Explore Lab 2

Modernizing Beijing / X-ploded Siheyuan

Modernizing Beijing / X-ploded Siheyuan

Rutger Kuipers

By modernizing the city, Beijing is upgrading to a higher level of prosperity. At the same time though we see the reverse side of a global development, the interventions in the city ruin parts of the city by destroying its traditional architecture, in particular the traditional hutong-areas, which are one of the main characteristics of this city, and which carry a long history of Beijing’s ancient life and architecture.
My interest is mainly concerned within a dilemma of upgrading Beijing to a modern wealthy city on the one hand and on the other hand destroying part of its tradition. How could an architect operate within a dilemma like this? Does the architect need to choose the one or the other position or is there a possible solution to a new architecture which embeds the local traditions? My goal is to find the latter: architecture that embeds local tradition.
The project is, ideally, situated on the border of the Tiananmen Square and the Dazhalan hutong area. It consists of separate commercial/housing units on ground level (connected below ground level). On the urban scale I tried to find a transition between the two highly contrasting urban spaces, introducing an informal urban typology with adjacent squares rather then streets or large open spaces. On the scale of one unit I reinterpreted the horizontal scheme of the traditional Beijing courtyard house into a vertical housing unit. One of the traditional elements I implemented, in a defamiliarizated way, was the iceray system of typical Chinese lattice design.

Healthcare architecture: Design for a diabetesclinic in Rotterdam-Zuid

Healthcare architecture: Design for a diabetesclinic in Rotterdam-Zuid

Joris de Leeuw

The design project for a small community based clinic was based on an extensive research into the principles of the Healing Environment, with a more specific focus on the concept of Social Support. This psychological theory suggests the benefits of parts of our environment in the recovery from illness, in this case the stress reducing abilities of the social network of patients. The research resulted in a set of principles which have been applied in the design on multiple scales; from the urban interception, by which the clinic not only becomes part of the city’s fabric but also enhances the social and spatial cohesion, until the most intimate part of the patient’s perception, the patientroom where concepts as privacy, territory and personal space are of importance.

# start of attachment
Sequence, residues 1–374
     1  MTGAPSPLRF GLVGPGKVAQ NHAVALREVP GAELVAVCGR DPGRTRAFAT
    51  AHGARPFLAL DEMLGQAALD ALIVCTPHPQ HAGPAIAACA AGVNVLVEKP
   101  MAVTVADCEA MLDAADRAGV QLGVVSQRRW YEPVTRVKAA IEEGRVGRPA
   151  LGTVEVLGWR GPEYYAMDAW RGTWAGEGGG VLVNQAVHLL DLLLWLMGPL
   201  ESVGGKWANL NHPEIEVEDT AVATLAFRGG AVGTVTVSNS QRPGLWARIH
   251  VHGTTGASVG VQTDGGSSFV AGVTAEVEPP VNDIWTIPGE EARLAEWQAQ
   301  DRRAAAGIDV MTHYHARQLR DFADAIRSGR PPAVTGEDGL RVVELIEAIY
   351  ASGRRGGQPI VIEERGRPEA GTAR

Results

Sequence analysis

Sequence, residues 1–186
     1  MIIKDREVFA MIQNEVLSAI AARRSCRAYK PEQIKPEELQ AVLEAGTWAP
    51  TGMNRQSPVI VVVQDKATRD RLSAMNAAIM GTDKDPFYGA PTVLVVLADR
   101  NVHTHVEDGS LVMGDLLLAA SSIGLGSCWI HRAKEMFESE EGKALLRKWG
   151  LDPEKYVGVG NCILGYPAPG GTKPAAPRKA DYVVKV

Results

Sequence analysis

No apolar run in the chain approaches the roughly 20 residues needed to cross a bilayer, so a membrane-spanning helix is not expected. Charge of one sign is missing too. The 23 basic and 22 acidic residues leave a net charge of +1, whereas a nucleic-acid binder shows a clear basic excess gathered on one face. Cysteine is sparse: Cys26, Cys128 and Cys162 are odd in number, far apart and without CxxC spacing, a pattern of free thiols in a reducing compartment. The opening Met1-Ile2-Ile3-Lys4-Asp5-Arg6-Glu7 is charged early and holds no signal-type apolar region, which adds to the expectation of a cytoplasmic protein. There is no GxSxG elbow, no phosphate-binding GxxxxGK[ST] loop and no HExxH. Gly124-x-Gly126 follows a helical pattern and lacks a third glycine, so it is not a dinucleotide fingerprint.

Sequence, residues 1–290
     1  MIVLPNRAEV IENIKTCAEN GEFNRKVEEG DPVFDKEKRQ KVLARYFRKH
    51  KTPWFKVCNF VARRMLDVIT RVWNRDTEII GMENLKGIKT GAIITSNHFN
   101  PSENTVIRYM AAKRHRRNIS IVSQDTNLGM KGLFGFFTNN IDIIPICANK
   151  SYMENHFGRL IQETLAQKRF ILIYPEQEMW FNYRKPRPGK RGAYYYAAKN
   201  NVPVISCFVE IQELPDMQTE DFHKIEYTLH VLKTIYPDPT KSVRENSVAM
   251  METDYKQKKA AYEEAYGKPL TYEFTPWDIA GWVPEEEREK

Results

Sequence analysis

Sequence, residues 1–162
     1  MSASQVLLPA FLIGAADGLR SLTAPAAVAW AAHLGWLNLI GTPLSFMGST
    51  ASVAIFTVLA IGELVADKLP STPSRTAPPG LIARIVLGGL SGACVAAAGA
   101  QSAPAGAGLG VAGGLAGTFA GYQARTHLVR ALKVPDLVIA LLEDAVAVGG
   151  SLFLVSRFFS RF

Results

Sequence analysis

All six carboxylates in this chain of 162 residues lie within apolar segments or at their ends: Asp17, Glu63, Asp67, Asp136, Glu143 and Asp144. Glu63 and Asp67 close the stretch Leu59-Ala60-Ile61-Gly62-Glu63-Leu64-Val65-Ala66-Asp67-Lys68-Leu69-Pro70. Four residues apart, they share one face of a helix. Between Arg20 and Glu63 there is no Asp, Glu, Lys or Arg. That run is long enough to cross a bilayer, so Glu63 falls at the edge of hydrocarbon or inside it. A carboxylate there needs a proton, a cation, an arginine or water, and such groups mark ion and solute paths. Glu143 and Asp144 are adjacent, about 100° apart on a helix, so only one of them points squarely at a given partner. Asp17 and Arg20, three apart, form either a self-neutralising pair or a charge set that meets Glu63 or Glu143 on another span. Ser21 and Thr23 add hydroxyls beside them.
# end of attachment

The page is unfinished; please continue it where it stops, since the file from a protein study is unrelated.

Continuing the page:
The social support principles formed the main part in the program of requirements for the design, complemented by a study into possible syndromes or diseases which would be suitable for the small, elective clinic and a field research into the specific problems and needs of the district, a deprived area in the suburbs of Rotterdam. This resulted in a cross-district, multifunctional program with, on the one hand, specific functions for diabetes patient from the entire city, and, on the other hand, local functions aimed at primary care, prevention, welfare, youth care, wellness and commercial exploits.
The building gives a boost to the impoverished environment of the subway station and attracts the public within through an internal street (‘care boulevard’). The roofed courtyards enhance the healing environment and are part of the energetic concept. The easy-to-read and coherent floor layout supports wayfinding. Different layers of privacy can be found, from a more public setting on the lower levels and the internal street, to a more private setting in the patient floors on the upper levels. The detailing of the ground floor façade provides an interaction with the surroundings, with meshed screens which can be raised according to the wanted level.

Dynamic Landscape

Dynamic Landscape

Jetze Schreij

Due to climate change a restructuring of the Dutch river landscape is taking place. Dikes will be raised, riverbeds will get broader and water-meadows will be dug out. All this is happening to offer more space to the river.

To make the dikes more accessible for maintenance and raising, dike houses are being demolished. New dwellings in the river area avoid the dike and often loose the relationship with the river. Due to this process a characteristic piece of Dutch culture is threatened to disappear.

One of the problem areas which is being mapped by the Dutch government is the curve of the river Waal in the area of Nijmegen. The slim riverbed causes the river to raise upstream and to flood the banks of Lent and the city of Nijmegen.

The concept of my graduation project is to artificially reconstruct the part of the Bemmelse dike (by a bridge construction) and to offer again a connection between the river landscape and its residents by attaching houses to the new bridge construction which reverts to the typologies of the old dike houses.
The construction of the river bypass will involve the construction of a threshold over which the river water will run once the river reaches a certain water level. The threshold will be designed in such a way that the current water level will become readable making not only the residents but also the people passing by and the recreational people aware of the dynamic river.